Boom in cloud services: there's a dark side for business

The boom in cloud services is creating its own problems for business.

Cloud services are now an everyday part of business, but the cloud boom can fuel other problems, such as siloed data and shadow IT.

The average enterprise uses more than 1400 distinct cloud services, including 76 distinct file-sharing cloud services, says enterprise IT services provider Skyhigh. Crunching data from more than 30 million Skyhigh users worldwide, the company’s 2016 Q4 Cloud Adoption & Risk Report found the use of cloud applications had gone up 23 per cent from 2015 to 2016, and tripled since 2013. However, this boom in cloud services is creating its own problems for business.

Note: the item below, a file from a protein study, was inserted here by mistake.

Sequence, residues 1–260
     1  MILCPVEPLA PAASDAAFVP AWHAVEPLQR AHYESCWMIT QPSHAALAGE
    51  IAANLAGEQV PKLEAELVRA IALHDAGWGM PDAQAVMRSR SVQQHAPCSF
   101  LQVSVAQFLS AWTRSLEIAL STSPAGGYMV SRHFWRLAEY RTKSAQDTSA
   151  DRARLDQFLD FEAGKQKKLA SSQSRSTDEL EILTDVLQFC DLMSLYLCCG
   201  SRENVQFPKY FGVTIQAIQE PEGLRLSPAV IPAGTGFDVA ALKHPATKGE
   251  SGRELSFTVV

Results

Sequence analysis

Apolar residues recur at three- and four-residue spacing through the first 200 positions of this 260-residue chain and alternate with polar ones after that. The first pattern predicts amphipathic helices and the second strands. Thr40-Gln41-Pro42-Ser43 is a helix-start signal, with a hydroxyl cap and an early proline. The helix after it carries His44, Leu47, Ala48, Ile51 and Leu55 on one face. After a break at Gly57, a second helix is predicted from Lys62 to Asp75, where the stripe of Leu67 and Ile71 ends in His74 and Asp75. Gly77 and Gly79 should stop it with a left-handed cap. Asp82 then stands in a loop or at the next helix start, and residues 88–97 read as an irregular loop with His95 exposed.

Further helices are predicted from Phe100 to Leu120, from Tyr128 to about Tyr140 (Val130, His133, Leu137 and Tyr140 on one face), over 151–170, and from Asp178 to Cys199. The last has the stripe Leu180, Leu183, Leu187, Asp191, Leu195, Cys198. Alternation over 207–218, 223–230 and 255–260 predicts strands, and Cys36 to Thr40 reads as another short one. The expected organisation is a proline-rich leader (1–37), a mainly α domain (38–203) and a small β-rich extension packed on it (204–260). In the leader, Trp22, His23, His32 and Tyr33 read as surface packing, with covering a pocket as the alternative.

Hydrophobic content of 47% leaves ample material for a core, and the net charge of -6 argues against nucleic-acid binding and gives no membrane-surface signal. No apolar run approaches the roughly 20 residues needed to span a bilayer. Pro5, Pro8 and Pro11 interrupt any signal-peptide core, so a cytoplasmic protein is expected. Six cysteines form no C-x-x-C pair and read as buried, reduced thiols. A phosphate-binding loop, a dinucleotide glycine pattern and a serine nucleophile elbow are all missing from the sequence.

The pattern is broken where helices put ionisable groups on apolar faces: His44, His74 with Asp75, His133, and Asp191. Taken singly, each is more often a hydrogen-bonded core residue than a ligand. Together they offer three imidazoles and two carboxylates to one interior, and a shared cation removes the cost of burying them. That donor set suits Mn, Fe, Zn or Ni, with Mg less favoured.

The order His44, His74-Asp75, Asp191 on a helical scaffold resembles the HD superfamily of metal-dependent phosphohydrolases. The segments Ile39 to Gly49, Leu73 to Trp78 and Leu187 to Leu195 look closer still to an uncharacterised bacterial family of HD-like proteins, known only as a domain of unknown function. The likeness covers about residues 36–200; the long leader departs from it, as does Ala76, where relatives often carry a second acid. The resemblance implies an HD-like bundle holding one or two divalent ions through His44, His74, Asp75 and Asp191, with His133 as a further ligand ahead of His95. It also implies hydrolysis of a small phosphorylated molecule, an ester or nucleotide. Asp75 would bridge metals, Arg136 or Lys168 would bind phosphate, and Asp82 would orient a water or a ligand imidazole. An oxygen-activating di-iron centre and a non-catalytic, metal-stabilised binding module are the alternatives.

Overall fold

One issue is the growth of shadow IT – the unauthorised use of technology in business. Last year, the Wall Street Journal reported Cisco data that estimated businesses are using up to 15 times more cloud services than the chief information officers in those organisations are aware of. 

It may seem harmless but shadow IT can result in serious data security and compliance issues. After all, it only takes one employee with an under-the-radar Dropbox account to leak important business information, either intentionally or by accident.

The use of cloud services also exacerbates the problem of IT sprawl, so that even finding data across an organisation is a challenge. A lot of data may now be located outside the business and locked in silos that are restricted to particular cloud services and users.

Where’s your data?